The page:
Yesterday was a travel day. Goal: get out of İstanbul. This proved much more trying than we had expected. It started great with a ferry ride across the Bosphorus to the Middle East–a new area for both of us. From the boat we were surrounded by İstanbul and could really get a sense of how big it really is. Water runs through and in and out of the city, much like Hampton Roads (the similarities end there).
The ferry dropped us off in Harem, the name for the Middle Eastern side of the city. No prostitutes in sight despite the suggestive name. We exited the boat into a crowd of touts each trying to get us to ride his bus. It was unbearable. I had to exert the greatest self restraint to keep from bopping them on the head with the waterbottle I was holding. That said, we did in fact need a bus, so we eventually followed one such tout into a smoky office and got a ticket to Safranbolu.
An hour later a van pulled up and we were told to get in. Within minutes we were packed in like sardines with people, bags, luggage, and a wooden chair that an old woman was very protective of. My heart sank as I imagined a 6 hour drive in this. I though longingly of the deluxe busses those other touts might have brought us to, not that we had any idea what anyone was offering.
20 minutes later the dolmus van dropped us on the side of the highway, leaving me with a funny feeling equally relieved and nervous. But there was no reason to be concerned because 30 minutes later we climbed aboard a plush travel bus complete with a very friendly steward.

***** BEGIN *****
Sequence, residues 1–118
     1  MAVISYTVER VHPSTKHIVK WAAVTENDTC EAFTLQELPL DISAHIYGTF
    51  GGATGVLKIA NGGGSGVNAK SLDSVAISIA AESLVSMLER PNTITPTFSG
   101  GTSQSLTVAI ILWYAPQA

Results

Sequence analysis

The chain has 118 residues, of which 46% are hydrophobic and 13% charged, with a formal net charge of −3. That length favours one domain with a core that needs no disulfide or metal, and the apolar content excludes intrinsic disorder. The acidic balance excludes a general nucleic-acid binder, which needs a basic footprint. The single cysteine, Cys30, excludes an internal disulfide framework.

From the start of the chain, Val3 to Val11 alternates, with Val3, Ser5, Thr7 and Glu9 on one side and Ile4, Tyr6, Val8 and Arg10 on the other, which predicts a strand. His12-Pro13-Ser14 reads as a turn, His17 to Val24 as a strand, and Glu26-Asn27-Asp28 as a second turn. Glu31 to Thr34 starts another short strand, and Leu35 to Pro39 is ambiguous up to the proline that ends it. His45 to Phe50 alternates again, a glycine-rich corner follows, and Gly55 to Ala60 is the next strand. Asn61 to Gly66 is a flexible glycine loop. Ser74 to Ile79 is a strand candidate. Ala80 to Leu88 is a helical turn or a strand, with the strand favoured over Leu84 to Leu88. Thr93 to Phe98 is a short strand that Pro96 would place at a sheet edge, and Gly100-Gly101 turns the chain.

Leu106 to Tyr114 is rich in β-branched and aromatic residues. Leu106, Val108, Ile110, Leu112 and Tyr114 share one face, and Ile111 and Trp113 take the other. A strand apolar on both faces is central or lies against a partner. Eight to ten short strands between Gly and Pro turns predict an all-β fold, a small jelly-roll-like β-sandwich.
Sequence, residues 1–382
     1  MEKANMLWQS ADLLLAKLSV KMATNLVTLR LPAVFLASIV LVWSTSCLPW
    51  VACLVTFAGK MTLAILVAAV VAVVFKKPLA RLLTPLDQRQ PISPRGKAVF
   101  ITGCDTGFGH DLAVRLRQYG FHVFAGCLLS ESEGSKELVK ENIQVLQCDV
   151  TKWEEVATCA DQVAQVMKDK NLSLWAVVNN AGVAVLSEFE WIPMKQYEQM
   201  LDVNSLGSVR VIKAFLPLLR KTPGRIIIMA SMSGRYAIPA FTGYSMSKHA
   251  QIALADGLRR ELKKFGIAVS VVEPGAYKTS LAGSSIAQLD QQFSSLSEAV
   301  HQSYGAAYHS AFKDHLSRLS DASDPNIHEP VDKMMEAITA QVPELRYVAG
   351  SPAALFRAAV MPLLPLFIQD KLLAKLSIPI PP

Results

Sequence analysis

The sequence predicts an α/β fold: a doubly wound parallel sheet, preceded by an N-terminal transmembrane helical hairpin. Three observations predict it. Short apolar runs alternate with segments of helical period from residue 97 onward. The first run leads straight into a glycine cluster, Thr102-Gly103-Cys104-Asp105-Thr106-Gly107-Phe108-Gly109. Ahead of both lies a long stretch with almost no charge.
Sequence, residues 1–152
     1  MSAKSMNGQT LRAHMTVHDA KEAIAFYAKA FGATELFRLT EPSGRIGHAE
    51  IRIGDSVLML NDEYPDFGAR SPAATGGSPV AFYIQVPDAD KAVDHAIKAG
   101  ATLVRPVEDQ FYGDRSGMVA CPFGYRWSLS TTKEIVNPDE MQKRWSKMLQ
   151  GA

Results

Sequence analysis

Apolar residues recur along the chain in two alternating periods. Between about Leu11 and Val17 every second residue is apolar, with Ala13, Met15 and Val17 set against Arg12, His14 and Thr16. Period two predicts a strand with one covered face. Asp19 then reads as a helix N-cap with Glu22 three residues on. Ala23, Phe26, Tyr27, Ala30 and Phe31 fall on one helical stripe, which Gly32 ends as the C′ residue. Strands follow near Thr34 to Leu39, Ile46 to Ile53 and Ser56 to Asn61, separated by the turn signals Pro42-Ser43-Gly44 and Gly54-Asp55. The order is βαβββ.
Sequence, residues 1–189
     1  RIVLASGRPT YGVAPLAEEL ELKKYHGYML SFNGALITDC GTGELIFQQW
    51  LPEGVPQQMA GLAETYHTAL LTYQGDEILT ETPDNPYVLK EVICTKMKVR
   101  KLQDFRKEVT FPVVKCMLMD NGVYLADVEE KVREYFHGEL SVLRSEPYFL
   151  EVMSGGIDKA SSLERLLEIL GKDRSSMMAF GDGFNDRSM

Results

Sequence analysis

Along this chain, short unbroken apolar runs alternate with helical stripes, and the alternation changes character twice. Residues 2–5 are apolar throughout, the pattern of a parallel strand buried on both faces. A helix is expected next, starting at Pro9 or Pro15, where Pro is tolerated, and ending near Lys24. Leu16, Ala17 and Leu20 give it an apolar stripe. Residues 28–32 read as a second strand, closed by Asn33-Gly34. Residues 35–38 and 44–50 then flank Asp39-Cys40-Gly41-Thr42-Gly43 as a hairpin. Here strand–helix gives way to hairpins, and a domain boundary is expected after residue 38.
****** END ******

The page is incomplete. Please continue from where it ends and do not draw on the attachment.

The bus ride was easy, though a good 3 hours longer than the tout had promised. And the steward seemed to find us very amusing. We were the only tourists aboard and certainly the only non-Turks. He enjoyed giving us backgammon tips and found it absolutely hilarious every time Steve blew his nose–Turks must have some other method of nasal relief.
In any case, after two more uncertain dolmus rides we made it to the beautiful Ottoman town of Safranbolu–a paradise after smoggy crowded İstanbul.
The highlight so far (separate from the plethora of pita!!) was our invitation to tea (çay) at the police station. This is a tiny town with zero crime, so the police apparently enjoy spending their time entertaining tourists. The station was unlike any you’ve ever imagined. Turkish carpets line the floors, framed pictures of former police chiefs and a few old fashioned criminals (each with enormous moustaches) adorn the walls, and there is a little prison cell that is nothing if not comfortable.
Today we plan to hire a driver to take us to an even more remote town and then take our turn at a Turkish bath house. And get our laundry done (this is very exciting!)